You’ve probably heard that a bunch of new words have been added to the Oxford dictionary. Phablet. Unlike. Buzzworthy. Selfie. Twerk. Cakepop.
If you haven’t heard, you must not suffer from FOMO (Fear Of Missing Out), also just added. What puzzles me is, why you would be looking up any of those words in a dictionary?
You don’t know what “twerk” means? Oxford’s definition, “dance to popular music in a sexually provocative manner involving thrusting hip movements and a low, squatting stance,” isn’t that big of a help. You’d be better off looking it up on YouTube rather than in a dictionary.
How long before the language mavens wrestle “email” to the ground? The word is in most dictionaries. But they are still fighting over whether it should be “email” or “e-mail.” Considering that one of their main jobs is to help us spell words correctly, that seems a bit of a bobble.
“Internet” is also in the dictionary now, but it’s capitalized. Why? That seems very silly. I’d keep it lowercase. It’d be like capitalizing the word “phone.” Srsly? That’s also one of the new words. As you’ve no doubt figured out, it means “seriously.”
Which brings up the question, do they ever take words out of the dictionary? Groovy. Gofer. Bummer. Fuzz. Hooch. Fab. Moll. Dawg. Phat. Schwing. Wassup. Yadda yadda yadda. Or do they stay in there forever?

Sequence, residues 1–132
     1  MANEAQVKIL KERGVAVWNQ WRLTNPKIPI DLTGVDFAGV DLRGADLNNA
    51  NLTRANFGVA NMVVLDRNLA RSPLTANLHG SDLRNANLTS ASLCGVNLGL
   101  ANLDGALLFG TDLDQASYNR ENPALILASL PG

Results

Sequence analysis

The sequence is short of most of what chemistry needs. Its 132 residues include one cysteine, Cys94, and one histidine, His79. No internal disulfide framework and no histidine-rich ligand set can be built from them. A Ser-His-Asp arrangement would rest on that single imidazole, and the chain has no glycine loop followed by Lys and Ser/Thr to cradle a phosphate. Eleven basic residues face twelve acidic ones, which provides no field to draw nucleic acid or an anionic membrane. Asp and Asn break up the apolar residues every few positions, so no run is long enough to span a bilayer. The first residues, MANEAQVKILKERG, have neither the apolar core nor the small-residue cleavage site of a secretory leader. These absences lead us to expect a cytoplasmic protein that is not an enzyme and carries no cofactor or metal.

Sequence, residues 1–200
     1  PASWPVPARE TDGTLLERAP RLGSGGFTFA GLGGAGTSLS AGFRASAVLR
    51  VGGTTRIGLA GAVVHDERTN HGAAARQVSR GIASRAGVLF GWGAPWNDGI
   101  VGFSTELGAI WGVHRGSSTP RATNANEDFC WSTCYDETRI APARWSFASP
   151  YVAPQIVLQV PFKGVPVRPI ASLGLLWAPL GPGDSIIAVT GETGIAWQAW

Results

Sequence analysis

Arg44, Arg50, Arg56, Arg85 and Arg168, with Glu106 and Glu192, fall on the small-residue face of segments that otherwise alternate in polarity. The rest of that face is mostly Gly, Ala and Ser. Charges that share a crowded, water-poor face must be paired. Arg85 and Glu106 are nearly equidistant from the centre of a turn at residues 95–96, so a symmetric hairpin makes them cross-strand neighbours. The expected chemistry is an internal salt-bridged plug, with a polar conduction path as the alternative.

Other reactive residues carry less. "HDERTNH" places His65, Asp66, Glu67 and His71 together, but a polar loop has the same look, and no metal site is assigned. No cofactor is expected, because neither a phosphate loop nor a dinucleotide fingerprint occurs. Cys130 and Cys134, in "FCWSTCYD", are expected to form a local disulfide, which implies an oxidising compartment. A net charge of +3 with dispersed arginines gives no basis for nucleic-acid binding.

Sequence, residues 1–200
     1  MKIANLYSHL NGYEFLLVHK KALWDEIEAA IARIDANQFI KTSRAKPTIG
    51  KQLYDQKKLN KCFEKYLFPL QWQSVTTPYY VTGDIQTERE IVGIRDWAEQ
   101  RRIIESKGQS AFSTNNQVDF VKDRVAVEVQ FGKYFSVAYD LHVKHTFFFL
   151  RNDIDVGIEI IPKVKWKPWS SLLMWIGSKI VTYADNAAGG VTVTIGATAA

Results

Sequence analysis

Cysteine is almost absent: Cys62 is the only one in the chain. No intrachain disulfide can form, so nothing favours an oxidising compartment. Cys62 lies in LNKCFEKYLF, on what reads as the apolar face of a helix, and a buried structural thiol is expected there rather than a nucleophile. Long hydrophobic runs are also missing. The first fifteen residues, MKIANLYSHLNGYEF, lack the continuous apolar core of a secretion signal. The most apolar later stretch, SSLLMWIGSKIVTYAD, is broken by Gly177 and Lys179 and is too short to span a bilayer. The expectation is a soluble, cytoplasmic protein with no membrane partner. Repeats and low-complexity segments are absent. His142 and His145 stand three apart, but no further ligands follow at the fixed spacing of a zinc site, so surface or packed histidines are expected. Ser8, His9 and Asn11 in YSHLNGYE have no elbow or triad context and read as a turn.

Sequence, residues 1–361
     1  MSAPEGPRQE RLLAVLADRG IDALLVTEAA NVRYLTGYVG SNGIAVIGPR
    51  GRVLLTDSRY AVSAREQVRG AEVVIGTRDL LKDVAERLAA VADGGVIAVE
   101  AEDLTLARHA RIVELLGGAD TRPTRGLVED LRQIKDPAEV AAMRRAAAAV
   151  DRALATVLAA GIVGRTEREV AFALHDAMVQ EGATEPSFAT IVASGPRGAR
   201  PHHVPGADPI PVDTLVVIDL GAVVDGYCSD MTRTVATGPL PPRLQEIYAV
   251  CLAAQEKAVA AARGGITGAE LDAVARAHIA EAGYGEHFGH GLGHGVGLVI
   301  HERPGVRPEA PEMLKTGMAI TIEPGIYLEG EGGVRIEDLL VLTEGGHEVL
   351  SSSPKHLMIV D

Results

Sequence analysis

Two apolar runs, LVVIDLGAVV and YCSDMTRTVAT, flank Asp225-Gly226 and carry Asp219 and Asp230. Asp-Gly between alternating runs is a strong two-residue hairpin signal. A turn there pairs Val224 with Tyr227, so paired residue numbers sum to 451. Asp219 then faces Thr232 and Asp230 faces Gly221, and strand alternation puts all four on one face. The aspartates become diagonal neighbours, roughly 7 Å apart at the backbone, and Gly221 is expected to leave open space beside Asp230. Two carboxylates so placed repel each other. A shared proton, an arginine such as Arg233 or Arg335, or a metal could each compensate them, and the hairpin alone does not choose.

The answer, I found out, is no, the Oxford English Dictionary never removes words once they make it in. Which you would know if you owned one, but very few people do.
The 20 volumes of the printed version cost more than $1,000 on Oxford’s website (and almost $7,000 in a deluxe, blue leather binding).
There is a cheaper, miniature edition printed in tiny text, which comes with its own handy magnifying glass. The online version costs only $300 – a year. But these new words that make the news each year are just added to the ODO, the Oxford Dictionary Online. They may one day make it into the OED version, but they haven’t yet.
The great thing is that an online dictionary could have a video link to “twerk” for free, or a 1,001 other things that are very hard to explain. It wasn’t so long ago that saying something was “bad” meant it was good. Did that ever go in the dictionary? Yes. Did it ever come out? No.
What about words that have slang meanings that are almost past memory? “Heater” was slang for a gun. It’s still in there, but with the note it’s “dated.”
Dictionaries can’t solve all word problems. A guy cut me off in traffic the other day, made an obscene gesture and yelled, “Yo mama!” at me. I looked up “your” and “mama,” but I don’t think that’s what he meant.
• Contact Jim Mullen at JimMullenBooks.com.